My prediction of the day: More bankers than normal will be tuned in to tonight's State of the Union address.
During the address, President Barack Obama is expected to propose a fee — some people are referring to it as a "bank tax" — on the largest U.S. financial institutions, a group that includes Bank of America and Wells Fargo.
Specifically, the proposal calls for a 0.07 percent fee on the liabilities of the roughly 100 U.S. financial institutions that have assets of more than $50 billion each.
According to a fact sheet released by the Obama administration over the weekend, the fee is designed to make it more costly for the institutions to finance their activities by borrowing heavily. That, in turn, would reduce the probability of major defaults that can ripple through the economy, the administration says.
If the idea sounds familiar, it's because Obama proposed a similar tax in 2010, when the financial crisis was fresher on the minds of many Americans than it is today. That proposal, designed to recover taxpayer funds used to bail out big banks, went nowhere.
To be sure, the odds of this new proposal going anywhere are long. I mean, there's that whole Republican-controlled-Congress variable you've got to factor in to the equation.
And you can bet that the banks, which already lament post-financial crisis regulations as being too costly, will lobby hard against the proposal if it seems to start gaining any traction.
In a Forbes column, Tim Worstall writes that the tax is founded on a good idea. But, he writes, its chances of passing would be improved if it were presented as an premium charged to banks in exchange for an insurance backstop from the federal government.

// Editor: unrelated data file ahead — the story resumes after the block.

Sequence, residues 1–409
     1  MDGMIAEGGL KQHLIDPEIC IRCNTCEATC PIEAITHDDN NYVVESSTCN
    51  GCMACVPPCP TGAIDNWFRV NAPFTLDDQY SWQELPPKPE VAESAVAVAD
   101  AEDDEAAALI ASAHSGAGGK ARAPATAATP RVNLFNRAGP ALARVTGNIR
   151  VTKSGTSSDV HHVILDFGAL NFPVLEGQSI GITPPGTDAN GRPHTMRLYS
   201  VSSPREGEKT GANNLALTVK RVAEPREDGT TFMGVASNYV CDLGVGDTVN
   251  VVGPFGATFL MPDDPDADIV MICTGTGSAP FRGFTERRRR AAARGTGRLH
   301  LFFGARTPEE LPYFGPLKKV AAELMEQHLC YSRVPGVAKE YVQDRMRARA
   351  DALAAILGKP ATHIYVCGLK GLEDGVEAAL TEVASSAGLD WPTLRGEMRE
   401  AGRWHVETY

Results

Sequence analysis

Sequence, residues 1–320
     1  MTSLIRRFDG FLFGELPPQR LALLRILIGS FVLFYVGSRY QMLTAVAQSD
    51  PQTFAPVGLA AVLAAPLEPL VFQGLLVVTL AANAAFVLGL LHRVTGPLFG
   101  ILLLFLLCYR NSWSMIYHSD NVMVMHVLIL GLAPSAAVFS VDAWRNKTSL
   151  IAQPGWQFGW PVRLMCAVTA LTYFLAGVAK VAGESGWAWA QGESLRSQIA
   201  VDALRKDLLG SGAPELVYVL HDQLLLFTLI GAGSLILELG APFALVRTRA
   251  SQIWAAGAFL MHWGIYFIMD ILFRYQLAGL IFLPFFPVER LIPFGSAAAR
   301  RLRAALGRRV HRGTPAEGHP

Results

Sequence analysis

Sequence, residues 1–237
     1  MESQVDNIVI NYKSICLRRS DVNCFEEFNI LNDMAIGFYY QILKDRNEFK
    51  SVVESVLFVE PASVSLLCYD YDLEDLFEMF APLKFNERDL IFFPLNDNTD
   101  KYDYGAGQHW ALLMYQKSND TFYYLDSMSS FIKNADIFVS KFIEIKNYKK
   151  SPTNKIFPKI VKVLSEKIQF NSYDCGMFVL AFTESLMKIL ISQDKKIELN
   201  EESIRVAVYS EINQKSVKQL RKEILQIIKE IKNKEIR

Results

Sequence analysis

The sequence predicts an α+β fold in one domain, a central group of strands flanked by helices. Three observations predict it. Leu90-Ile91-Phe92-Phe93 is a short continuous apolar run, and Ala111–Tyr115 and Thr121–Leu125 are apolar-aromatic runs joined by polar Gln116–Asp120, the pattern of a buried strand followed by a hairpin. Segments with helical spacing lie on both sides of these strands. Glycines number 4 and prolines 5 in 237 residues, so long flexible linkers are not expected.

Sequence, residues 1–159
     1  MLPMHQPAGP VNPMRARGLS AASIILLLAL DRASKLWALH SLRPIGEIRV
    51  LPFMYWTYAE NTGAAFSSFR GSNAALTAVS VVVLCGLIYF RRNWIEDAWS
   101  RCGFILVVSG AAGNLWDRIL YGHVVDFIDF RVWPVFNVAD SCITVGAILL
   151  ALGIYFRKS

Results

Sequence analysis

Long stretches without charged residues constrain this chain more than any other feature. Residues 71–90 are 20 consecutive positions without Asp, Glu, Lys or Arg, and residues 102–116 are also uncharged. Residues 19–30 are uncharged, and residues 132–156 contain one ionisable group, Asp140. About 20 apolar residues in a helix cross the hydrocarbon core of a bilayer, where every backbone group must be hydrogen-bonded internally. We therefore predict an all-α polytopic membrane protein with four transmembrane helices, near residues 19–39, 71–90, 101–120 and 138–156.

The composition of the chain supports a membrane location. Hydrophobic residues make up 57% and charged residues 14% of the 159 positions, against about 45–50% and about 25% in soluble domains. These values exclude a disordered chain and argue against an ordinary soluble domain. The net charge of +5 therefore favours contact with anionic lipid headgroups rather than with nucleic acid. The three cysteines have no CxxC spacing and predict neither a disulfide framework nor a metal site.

"It’s not a tax: it’s an insurance premium and if the banks don’t want to pay it they can not have these liabilities and thus not need the insurance," he writes.
"Put that way Obama’s proposal might actually have a chance. ... Call it a change to the FDIC’s insurance premiums and attain the same goal that way."
For another view, here's what investment bank Keefe, Bruyette & Woods said about the fee in a report Monday:
We view this as political posturing and not a serious policy proposal. In our view, chances of this proposal passing are low.
Instead we think it is part of the administration's effort to draw contrasts with congressional Republicans and make it look like the White House is against Wall Street, while Republicans are defenders of the industry. We view this to energize the President's political base.
And here's what the Financial Services Forum, a Washington, D.C.-based group whose members are the CEOs of 18 large financial services institutions that do business in the U.S., has to say about the proposal. The statement below is from forum President Rob Nichols:
We urge policymakers to reject this tax targeting a small group of companies and instead focus on achieving broad-based, pro-growth tax reform that ensures our economic recovery continues.
As the largest financial institutions continue to simplify, reduce risk and leverage, build capital, provide the credit to keep the economy growing, and make the necessary investments to protect customers from cyber threats, it would be counterproductive to layer on one more way to make it more difficult to achieve those public goals.